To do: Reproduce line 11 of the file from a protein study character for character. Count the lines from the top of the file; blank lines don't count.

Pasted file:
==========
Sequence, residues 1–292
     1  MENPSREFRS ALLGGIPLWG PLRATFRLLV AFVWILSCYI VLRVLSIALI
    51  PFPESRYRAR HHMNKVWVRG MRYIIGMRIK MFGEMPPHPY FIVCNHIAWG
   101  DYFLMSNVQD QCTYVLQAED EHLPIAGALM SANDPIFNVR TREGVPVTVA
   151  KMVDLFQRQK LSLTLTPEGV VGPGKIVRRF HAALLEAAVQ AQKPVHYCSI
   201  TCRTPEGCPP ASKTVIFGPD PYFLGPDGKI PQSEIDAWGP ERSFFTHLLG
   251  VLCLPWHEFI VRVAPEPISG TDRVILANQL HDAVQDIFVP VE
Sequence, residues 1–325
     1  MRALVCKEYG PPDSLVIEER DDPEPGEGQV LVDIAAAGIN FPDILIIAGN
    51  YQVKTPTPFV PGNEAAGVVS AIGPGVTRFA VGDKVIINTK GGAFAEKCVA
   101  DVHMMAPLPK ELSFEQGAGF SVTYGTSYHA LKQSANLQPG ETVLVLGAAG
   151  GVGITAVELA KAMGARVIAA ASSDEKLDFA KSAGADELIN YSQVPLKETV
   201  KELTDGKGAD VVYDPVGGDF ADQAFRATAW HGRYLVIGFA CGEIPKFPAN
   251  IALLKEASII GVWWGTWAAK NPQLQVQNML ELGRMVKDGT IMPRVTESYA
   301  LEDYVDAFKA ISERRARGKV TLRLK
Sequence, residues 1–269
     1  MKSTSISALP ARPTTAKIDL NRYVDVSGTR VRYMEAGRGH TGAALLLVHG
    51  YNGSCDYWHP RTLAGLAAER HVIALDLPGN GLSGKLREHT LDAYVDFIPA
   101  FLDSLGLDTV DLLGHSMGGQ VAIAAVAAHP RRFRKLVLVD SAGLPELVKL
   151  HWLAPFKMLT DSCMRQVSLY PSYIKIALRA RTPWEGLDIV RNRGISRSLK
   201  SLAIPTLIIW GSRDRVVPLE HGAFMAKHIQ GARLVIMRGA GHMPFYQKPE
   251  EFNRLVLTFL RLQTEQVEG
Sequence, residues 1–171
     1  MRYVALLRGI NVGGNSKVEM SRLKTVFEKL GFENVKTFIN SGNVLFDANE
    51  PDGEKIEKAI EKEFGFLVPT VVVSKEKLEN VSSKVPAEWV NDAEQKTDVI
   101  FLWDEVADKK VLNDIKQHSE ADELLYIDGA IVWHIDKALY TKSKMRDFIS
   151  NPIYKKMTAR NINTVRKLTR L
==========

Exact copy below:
   101  DVHMMAPLPK ELSFEQGAGF SVTYGTSYHA LKQSANLQPG ETVLVLGAAG